Similarly, Dr. Chuck Corbin and Tom McKenzie recommended, “Teacher preparation programs should restructure their curricula to include disciplinary classes that directly relate to what future teachers will actually teach, including information relevant to physical activity promotion and health-behavior change” (p. 49). The authors argue physical education teachers must teach their K-12 students behavioral self-management skills such as planning, goal setting identifying places to be active, soliciting social support, and self-reinforcement, among others. In addition, future teachers need experience with collaboration amongst parents, other teachers, school administration, and community leaders.

So now I have my summer homework: To honor a visionary and refocus the efforts of my teacher preparation program to prepare the next generation of teachers. It seems a bit daunting, I won’t lie to you, but I can’t wait to see what happens.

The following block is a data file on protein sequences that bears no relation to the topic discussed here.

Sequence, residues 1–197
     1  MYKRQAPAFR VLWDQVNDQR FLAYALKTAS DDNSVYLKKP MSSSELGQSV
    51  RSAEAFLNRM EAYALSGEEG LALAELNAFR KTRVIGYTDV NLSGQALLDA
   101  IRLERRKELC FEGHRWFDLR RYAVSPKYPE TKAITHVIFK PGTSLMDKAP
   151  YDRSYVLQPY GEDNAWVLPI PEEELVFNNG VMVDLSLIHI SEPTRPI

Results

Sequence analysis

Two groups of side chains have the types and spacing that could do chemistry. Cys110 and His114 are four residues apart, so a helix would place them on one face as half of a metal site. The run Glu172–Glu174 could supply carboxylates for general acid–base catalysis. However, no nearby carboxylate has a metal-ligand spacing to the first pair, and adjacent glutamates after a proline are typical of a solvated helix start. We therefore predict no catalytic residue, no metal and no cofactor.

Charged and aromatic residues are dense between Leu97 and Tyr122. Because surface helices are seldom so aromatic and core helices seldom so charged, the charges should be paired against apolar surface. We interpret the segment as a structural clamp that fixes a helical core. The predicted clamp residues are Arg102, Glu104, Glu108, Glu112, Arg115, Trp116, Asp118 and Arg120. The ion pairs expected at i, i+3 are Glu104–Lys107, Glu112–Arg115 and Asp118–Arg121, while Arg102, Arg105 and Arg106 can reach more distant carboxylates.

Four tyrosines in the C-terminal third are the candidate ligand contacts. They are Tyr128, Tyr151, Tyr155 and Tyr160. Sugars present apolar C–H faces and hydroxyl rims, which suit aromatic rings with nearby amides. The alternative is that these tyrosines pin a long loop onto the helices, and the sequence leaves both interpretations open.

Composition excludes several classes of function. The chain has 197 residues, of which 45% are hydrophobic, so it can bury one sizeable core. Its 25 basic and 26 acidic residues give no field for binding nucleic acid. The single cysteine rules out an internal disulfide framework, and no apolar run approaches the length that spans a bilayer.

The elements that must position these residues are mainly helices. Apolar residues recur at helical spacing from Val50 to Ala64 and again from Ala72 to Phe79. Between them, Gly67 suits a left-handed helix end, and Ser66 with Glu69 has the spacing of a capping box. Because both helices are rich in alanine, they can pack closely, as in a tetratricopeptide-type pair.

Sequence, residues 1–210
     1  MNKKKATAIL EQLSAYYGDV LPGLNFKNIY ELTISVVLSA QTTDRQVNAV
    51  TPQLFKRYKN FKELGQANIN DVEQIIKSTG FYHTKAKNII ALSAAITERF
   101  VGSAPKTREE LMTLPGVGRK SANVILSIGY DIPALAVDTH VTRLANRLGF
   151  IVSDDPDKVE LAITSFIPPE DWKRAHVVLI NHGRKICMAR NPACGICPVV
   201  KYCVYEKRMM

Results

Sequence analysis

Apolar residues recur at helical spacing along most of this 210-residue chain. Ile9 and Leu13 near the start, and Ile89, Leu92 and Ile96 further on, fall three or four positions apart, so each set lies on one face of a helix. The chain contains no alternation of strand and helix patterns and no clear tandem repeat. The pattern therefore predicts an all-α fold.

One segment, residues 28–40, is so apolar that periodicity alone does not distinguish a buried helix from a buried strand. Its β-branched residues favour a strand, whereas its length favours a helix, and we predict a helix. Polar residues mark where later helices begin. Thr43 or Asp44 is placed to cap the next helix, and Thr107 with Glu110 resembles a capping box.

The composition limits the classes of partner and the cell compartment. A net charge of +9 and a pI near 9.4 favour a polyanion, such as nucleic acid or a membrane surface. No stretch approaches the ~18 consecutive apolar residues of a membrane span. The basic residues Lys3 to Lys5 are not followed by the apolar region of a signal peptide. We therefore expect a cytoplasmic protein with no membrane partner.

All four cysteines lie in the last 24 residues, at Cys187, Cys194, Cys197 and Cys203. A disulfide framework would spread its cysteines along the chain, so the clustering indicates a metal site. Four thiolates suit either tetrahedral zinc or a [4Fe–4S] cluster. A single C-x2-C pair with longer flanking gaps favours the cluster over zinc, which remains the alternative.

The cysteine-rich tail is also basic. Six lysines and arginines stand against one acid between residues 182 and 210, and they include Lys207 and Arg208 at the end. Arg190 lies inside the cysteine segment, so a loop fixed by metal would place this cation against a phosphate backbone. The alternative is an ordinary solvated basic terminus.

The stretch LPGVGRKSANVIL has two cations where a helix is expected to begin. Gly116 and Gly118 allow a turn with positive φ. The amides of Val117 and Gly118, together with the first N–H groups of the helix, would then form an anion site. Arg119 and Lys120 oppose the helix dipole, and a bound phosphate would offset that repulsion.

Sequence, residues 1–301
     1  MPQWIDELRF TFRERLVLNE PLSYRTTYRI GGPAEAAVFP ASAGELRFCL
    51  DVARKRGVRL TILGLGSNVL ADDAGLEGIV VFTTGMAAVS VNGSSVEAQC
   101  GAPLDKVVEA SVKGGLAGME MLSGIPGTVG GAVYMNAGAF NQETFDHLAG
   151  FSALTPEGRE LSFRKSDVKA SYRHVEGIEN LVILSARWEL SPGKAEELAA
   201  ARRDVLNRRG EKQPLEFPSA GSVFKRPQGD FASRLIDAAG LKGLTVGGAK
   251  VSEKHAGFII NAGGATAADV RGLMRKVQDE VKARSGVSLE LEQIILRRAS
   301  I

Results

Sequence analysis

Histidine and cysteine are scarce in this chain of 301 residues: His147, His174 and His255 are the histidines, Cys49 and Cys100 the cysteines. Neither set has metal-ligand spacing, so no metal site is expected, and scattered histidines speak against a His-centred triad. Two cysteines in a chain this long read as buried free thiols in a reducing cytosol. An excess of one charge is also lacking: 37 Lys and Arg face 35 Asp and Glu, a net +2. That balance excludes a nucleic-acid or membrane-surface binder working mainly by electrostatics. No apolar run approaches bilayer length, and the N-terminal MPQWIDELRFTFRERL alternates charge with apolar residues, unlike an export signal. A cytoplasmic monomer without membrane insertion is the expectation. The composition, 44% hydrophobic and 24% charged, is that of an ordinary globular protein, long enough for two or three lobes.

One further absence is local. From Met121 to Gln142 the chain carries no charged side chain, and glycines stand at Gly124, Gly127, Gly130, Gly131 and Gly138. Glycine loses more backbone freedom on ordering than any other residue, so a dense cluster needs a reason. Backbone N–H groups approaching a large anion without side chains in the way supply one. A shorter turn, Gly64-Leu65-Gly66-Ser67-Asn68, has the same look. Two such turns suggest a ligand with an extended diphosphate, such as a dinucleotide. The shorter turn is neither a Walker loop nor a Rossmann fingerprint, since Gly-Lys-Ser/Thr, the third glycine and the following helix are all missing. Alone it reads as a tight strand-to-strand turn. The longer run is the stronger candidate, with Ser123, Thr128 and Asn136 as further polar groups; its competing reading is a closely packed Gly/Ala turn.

Works Cited
Corbin, C. & McKenzie, T. (2008). Physical activity promotion: A responsibility for both K-12 physical education and kinesiology. Journal of Physical Education, Recreation, and Dance, 79(6), 47-56.
Delisio, E. (2001). New PE trend stresses fitness and fun. Retrieved April 30, 2010, from
Furger, R. (2001). The new PE curriculum: An innovative approach to teaching physical fitness. Retrieved April 30, 2010, from
Jeffries, S. (2010). Reflections on the past, visions of our professional future., 12(4).
Johnson, K. (2003). New PE teacher takes students to the max every activity stresses cardiovascular fitness. Retrieved April 30, 2010, from
Ratey, J. (2008). Spark: The revolutionary new success of exercise and the brain. New York, NY: Little, Brown and Company.
Siedentop, D. (2009). National plan for physical activity: Education sector. Journal of Physical Activity and Health, 6 (Supplement 2), S168-S180.